Of course there are places you can pay to charge your phone all across the festival, but when you’ve been up for two days straight you’re unlikely to remember you even have a phone. In fact, you’ll probably lose it, so carpenter Katie wisely suggests that you “set your lock screen to have a note with a number to call if someone finds your phone. I use the notes app, type a message with a buddy’s phone number, screen grab it, and set it as your lock screen.” Imagine the love you’ll have for the kind soul who returns it!

2. Drinking water Thankfully, Glastonbury isn’t held in a desert and apparently taps where you can fill up your own bottle from can be found everywhere, “usually by toilets/washing areas” according to Lucy. Just make sure you fill up before you go to bed because, as Katie notes, “you don’t want to wake up with fur mouth and only a bottle of gin and a long walk to the water point.”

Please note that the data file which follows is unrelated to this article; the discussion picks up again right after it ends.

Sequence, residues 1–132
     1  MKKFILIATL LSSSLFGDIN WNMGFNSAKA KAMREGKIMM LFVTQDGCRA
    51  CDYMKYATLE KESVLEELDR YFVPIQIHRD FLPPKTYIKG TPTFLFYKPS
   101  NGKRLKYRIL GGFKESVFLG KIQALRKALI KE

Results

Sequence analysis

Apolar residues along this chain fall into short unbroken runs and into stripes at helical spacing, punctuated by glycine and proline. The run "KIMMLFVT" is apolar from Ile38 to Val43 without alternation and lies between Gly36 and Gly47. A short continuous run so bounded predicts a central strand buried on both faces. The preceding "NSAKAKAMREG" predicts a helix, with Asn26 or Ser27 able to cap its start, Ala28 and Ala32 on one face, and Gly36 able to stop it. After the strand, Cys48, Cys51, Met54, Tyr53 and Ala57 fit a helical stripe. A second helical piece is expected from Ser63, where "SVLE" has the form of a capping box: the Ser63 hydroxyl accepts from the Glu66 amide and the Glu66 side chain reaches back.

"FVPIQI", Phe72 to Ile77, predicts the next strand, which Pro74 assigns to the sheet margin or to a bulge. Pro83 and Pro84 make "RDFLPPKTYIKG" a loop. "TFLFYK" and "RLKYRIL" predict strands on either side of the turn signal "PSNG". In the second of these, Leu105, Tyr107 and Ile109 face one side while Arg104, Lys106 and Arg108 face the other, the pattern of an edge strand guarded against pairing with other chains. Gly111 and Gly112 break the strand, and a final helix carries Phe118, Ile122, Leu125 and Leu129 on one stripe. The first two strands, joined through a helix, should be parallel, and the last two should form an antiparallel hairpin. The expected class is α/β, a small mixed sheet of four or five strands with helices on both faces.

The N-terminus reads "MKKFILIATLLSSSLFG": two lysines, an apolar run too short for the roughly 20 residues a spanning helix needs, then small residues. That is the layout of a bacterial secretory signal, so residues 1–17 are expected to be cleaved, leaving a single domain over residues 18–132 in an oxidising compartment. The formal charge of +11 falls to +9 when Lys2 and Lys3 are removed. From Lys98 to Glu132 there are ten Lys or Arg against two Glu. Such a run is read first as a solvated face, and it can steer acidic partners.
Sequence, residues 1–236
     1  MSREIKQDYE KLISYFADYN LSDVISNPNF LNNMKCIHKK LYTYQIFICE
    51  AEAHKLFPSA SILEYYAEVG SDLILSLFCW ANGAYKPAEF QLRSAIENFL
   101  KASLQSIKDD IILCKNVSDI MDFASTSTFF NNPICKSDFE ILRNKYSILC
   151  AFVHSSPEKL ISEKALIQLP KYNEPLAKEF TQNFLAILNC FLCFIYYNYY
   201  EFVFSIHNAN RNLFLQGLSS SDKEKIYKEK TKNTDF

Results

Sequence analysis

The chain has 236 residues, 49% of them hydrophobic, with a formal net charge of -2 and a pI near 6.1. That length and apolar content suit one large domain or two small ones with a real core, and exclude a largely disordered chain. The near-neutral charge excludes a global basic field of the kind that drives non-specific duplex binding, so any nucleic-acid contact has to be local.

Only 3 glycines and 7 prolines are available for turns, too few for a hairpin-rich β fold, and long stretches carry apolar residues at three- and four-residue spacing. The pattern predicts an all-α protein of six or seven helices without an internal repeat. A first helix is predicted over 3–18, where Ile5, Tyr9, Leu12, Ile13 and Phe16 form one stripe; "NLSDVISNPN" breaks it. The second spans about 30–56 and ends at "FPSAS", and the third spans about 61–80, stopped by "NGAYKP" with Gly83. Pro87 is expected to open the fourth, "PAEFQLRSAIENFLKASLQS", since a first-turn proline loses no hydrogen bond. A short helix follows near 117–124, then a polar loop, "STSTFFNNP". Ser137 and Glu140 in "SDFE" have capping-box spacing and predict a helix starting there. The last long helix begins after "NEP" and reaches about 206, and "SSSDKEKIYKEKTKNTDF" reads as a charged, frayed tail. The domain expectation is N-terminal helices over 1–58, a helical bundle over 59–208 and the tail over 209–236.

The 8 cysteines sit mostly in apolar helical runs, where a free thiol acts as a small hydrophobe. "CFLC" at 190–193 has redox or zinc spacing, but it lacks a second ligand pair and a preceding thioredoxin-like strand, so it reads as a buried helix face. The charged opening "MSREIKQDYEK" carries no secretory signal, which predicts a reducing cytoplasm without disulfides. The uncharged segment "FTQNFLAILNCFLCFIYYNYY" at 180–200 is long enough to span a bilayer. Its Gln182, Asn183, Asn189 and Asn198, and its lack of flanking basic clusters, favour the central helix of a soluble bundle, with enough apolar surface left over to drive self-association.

3. Showers Seemingly my friends aren’t that into showering. “I took one when someone shoved me in a stream once but can’t remember the state of it, so it was probably ok. Better than being covered in piss/mud, regardless” recalls Neil. Art director Alùn suggests taking “wet wipes for all the important areas”, whilst Katie recommends filling up a big bottle of water and having a shower in your undies outside. “No queue and the cold water isn’t that bad. It’s also so much better than no shower – having a wash in the morning makes every day feel like the first day at Glasto rather than the longest hangover known to man.” If after a few days, you REALLY need to clean up your act, Lucy suggests you “visit the naked sauna in the Healing Fields, guaranteed to revive you.”